The next day we were back at the falls for what would be a daylong adventure. We took the Maid of the Mist boat tour to get our day off to a cool start. You will recall I said it was really hot in Niagara during our stay. The best way to get cooled down was to take the boat tour and forego the souvenir plastic poncho provided with the purchase of a ticket. I used mine to keep my camera dry while Connie fashioned some neat little wraps around her watch and camera case, thereby making her camera inaccessible during the tour. We were two of about three people on deck who were not sporting the less than fashionable ponchos as you will see in the photos. The Maid of the Mist takes you really close to the base of the falls. You pass within yards of the rocks that litter area below the American Falls and within tens of yards of the base of Horseshoe Falls on the Canadian side of the river.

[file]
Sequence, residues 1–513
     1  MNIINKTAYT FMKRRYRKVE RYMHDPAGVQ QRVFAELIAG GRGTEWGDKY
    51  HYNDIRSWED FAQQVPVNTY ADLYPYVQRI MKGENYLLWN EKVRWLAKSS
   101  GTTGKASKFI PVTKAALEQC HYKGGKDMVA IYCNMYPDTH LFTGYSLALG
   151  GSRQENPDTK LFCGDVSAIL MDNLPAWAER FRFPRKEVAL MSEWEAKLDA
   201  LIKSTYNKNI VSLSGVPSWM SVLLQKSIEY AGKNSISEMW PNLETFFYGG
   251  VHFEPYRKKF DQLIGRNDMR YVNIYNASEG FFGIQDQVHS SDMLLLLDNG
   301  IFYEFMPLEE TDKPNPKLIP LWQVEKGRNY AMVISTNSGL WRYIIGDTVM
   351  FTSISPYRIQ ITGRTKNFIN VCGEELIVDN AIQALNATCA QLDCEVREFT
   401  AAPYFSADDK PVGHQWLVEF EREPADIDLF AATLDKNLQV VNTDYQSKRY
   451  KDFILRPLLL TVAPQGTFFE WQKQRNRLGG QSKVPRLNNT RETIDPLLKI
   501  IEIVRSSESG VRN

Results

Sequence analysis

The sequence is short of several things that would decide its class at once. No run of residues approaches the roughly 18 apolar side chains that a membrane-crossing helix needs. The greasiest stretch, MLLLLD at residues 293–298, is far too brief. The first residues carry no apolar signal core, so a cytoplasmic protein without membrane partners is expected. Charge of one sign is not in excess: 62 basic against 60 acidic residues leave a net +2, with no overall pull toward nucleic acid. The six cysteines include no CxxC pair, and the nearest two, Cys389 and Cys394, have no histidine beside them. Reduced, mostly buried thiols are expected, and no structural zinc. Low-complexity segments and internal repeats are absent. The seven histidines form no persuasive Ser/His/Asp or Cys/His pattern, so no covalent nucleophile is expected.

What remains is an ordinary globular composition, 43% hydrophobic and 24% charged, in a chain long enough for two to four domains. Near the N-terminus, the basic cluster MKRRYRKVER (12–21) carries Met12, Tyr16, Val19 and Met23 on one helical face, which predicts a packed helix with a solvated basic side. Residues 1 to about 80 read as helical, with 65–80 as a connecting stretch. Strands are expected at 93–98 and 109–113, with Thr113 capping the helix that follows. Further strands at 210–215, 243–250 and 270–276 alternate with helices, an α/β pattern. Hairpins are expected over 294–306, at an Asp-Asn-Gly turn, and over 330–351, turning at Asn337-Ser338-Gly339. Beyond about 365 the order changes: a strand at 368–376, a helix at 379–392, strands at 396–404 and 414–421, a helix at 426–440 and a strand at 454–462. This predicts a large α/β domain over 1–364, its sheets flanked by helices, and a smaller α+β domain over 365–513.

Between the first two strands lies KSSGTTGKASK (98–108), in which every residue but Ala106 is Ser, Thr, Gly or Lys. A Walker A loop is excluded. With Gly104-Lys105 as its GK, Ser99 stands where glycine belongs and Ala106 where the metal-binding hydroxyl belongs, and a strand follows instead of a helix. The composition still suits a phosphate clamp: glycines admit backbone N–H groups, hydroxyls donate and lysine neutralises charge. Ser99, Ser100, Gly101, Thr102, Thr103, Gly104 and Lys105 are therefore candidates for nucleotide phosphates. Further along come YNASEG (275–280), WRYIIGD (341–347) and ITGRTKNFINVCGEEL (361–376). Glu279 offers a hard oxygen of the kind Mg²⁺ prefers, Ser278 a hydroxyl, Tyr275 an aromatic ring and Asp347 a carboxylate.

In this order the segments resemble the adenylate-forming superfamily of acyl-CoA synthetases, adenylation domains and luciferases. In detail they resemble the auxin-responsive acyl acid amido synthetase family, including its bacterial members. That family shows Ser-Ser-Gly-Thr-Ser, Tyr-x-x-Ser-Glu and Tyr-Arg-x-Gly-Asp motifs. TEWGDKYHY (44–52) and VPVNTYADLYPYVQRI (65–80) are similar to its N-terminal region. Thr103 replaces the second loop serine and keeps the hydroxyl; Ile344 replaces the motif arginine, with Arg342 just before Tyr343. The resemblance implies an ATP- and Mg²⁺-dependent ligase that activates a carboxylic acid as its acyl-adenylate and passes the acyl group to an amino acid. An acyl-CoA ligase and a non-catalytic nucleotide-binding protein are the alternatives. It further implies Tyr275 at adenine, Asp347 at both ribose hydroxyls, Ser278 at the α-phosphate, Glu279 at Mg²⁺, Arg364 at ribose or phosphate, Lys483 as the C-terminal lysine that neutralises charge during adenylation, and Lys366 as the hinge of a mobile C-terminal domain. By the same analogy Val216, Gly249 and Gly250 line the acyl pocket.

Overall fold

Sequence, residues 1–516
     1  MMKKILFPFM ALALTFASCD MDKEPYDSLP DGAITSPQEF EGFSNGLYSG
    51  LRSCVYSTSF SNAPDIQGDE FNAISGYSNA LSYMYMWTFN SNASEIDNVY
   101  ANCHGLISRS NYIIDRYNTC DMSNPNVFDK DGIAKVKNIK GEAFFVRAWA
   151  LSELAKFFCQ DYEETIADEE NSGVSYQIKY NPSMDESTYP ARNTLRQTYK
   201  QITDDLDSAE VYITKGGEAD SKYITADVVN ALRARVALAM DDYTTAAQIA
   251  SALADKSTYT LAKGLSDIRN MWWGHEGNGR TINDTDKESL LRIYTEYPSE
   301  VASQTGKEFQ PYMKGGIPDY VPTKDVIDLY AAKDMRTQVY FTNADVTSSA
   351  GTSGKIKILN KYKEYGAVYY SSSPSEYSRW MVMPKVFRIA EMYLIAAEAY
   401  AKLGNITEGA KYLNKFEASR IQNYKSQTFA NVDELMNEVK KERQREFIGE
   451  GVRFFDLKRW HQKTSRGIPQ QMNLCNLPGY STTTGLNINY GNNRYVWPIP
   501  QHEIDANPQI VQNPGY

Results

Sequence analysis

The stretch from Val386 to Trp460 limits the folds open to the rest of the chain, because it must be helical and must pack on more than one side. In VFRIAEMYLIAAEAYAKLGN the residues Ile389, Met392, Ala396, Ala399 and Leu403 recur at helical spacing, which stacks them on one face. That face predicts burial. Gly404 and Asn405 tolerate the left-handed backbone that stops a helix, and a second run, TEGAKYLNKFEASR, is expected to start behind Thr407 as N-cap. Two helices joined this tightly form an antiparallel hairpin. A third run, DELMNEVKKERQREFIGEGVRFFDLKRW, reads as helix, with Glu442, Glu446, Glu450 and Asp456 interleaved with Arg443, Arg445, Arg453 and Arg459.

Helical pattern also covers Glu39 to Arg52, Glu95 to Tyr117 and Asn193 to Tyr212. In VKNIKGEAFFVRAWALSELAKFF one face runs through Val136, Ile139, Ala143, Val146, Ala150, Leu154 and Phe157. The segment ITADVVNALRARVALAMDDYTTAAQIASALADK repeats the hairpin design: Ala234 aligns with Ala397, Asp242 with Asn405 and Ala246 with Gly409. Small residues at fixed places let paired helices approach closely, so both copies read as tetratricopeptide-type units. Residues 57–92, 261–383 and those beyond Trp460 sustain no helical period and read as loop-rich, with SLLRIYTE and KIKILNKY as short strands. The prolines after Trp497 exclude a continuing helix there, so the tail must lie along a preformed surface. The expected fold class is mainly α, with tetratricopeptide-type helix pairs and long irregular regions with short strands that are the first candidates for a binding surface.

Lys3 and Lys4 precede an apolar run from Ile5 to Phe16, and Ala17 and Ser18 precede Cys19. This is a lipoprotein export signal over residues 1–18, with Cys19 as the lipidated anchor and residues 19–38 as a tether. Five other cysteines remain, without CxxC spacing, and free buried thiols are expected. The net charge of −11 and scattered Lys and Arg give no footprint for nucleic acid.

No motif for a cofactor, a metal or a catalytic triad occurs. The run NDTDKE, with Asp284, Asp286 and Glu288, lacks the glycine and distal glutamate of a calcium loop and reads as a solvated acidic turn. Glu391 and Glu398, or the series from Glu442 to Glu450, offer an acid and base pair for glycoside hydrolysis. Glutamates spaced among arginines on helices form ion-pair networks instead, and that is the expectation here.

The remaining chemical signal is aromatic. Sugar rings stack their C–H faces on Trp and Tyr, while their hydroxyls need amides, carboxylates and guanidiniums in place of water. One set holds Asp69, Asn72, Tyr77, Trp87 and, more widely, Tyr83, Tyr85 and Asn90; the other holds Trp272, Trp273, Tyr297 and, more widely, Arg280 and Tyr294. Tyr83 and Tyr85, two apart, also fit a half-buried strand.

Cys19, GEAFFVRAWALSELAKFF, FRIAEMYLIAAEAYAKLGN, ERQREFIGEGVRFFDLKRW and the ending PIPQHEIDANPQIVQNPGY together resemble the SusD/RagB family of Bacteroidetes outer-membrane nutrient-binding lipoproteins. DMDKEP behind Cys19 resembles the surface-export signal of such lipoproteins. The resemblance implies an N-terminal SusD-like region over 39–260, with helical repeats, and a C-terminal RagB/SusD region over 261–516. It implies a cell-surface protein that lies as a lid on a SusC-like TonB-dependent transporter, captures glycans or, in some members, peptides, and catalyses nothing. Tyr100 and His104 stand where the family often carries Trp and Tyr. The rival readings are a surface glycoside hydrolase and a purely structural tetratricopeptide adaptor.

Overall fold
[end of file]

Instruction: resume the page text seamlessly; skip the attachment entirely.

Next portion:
For years I have heard that the Canadian side of Niagara is so much more beautiful than the American side. I have always had it in my mind that the two falls were not within sight of one another and that in order to see Horseshoe Falls one had to go to Canada. Well, I am now much more knowledgeable about both the relative beauty and the geographic closeness. The American Falls are a bit taller 176 feet vs. 167 feet on the Canadian side. The American Falls are much narrower-1100 feet vs. 2500 feet as measured from shore to shore. An Island in the middle of the river separates the two sets of falls, so the American Falls width is measured from the southern shore of the river to the southern edge of Goat Island while the Horseshoe Falls width is measured from the northern edge of Goat Island to the northern shore of the river. As the Horseshoe Falls is shaped as its name would imply, like a horseshoe, that linear distance is much greater than the rather straight line of the American Falls. The area below Horseshoe Falls is relatively clear of rocks that have broken free from the brink over the hundreds of thousands of years that water has been passing over the falls where as on the American Falls side there are giant boulders that break the vertical drop.